There are many other organizations, doctors and advocates, both liberal and conservative, who are calling on Arizona and other states to enact policies that keep low-risk offenders from being incarcerated in prisons and jails. Both jails and prisons have a 1.3% prevalence of HIV compared to 0.4% in the US generally. In state prisons, 64.7% of people smoke and in federal prisons, 45.2% of people smoke, compared with 21.2% across the US. The Coronavirus has already caused massive problems in prisons located in other countries. Three Chinese provinces registered more than 500 cases of coronavirus in prisons. Iran temporarily released 70,000 prisoners. In Italy, riots occurred in at least two dozen prisons and six inmates died after they broke into an infirmary and overdosed on methadone. At the Journal Health Affairs, public health experts outlined six urgent steps needed to address coronavirus in prisons, including limiting incarceration rates. “Prisons push people into the paths of epidemics,” the authors wrote.

The AACJ made concrete recommendations this week and urged the Arizona Supreme Court to immediately issue the following order:

  1. directing the immediate consideration for release and release from custody of (1) all persons who are at elevated risk of contracting COVID-19, either because of age and/or because of underlying health conditions; (2) all pregnant women; (3) all persons being confined on misdemeanor charges and/or non-violent felony charges; (4) all persons who are bailable by right, but who remain in jail because they cannot pay the money bond set in their cases; (5) all persons who are being confined following an arrest on a warrant or upon an allegation of a violation of parole/community supervision or probation and who are not charged with or suspected of a crime of violence; and (6) all persons serving sentences of imprisonment in a county jail; and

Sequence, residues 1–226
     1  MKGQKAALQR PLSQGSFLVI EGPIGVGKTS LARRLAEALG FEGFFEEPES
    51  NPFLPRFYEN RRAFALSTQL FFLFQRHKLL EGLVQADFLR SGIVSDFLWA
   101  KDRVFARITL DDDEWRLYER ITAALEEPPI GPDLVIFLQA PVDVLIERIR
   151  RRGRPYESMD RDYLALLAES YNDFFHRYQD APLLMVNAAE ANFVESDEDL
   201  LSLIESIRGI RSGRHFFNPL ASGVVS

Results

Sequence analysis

2. directing that no newly arrested person be admitted to jail absent a showing by clear and convincing evidence that there are no conditions upon which the person could be released that would reasonably assure the safety of a particular person or persons within the community.

Second, AACJ joined with a number of other organizations and legislators to demand immediate action be taken by Governor Ducey and the Arizona Department of Corrections, Rehabilitation, and Reentry (ADCRR) to protect inmates, detainees, and correctional staff in our prisons. In addition to immediately ordering the release of elderly persons, persons convicted of nonviolent offenses, and others who present little or no risk to the public, the Governor and ADCRR should implement the following policies, which have already been implemented in other jurisdictions:

  1. Suspend in-custody detention of persons on probation for technical violations;

  2. Immediately release all probationers currently detained on technical violations;

  3. Immediately release all persons classified as non-violent offenders from ADCRR facilities;